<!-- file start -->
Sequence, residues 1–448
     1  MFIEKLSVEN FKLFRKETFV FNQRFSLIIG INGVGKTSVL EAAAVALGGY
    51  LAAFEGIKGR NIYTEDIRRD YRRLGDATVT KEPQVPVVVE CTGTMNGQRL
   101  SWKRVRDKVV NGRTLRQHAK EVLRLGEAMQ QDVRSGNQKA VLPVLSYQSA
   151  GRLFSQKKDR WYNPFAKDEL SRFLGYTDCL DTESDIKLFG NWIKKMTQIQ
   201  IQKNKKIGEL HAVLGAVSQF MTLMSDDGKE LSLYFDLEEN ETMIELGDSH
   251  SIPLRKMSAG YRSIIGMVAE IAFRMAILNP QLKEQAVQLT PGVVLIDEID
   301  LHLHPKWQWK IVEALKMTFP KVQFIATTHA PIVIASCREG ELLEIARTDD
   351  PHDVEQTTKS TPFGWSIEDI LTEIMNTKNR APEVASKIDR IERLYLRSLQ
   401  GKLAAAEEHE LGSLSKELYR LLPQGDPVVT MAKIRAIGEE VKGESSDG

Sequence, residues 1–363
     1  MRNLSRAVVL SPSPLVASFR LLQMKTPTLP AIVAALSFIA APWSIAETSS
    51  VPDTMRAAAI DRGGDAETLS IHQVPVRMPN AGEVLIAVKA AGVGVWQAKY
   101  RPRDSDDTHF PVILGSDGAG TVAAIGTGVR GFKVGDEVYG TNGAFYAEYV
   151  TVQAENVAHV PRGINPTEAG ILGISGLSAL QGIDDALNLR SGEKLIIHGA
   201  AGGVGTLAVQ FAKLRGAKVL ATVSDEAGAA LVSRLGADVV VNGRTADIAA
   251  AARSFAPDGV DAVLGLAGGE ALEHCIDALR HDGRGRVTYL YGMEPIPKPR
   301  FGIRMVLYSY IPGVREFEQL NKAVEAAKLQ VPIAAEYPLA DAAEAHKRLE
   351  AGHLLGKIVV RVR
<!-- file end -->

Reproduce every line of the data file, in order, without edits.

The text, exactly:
Sequence, residues 1–448
     1  MFIEKLSVEN FKLFRKETFV FNQRFSLIIG INGVGKTSVL EAAAVALGGY
    51  LAAFEGIKGR NIYTEDIRRD YRRLGDATVT KEPQVPVVVE CTGTMNGQRL
   101  SWKRVRDKVV NGRTLRQHAK EVLRLGEAMQ QDVRSGNQKA VLPVLSYQSA
   151  GRLFSQKKDR WYNPFAKDEL SRFLGYTDCL DTESDIKLFG NWIKKMTQIQ
   201  IQKNKKIGEL HAVLGAVSQF MTLMSDDGKE LSLYFDLEEN ETMIELGDSH
   251  SIPLRKMSAG YRSIIGMVAE IAFRMAILNP QLKEQAVQLT PGVVLIDEID
   301  LHLHPKWQWK IVEALKMTFP KVQFIATTHA PIVIASCREG ELLEIARTDD
   351  PHDVEQTTKS TPFGWSIEDI LTEIMNTKNR APEVASKIDR IERLYLRSLQ
   401  GKLAAAEEHE LGSLSKELYR LLPQGDPVVT MAKIRAIGEE VKGESSDG

Sequence, residues 1–363
     1  MRNLSRAVVL SPSPLVASFR LLQMKTPTLP AIVAALSFIA APWSIAETSS
    51  VPDTMRAAAI DRGGDAETLS IHQVPVRMPN AGEVLIAVKA AGVGVWQAKY
   101  RPRDSDDTHF PVILGSDGAG TVAAIGTGVR GFKVGDEVYG TNGAFYAEYV
   151  TVQAENVAHV PRGINPTEAG ILGISGLSAL QGIDDALNLR SGEKLIIHGA
   201  AGGVGTLAVQ FAKLRGAKVL ATVSDEAGAA LVSRLGADVV VNGRTADIAA
   251  AARSFAPDGV DAVLGLAGGE ALEHCIDALR HDGRGRVTYL YGMEPIPKPR
   301  FGIRMVLYSY IPGVREFEQL NKAVEAAKLQ VPIAAEYPLA DAAEAHKRLE
   351  AGHLLGKIVV RVR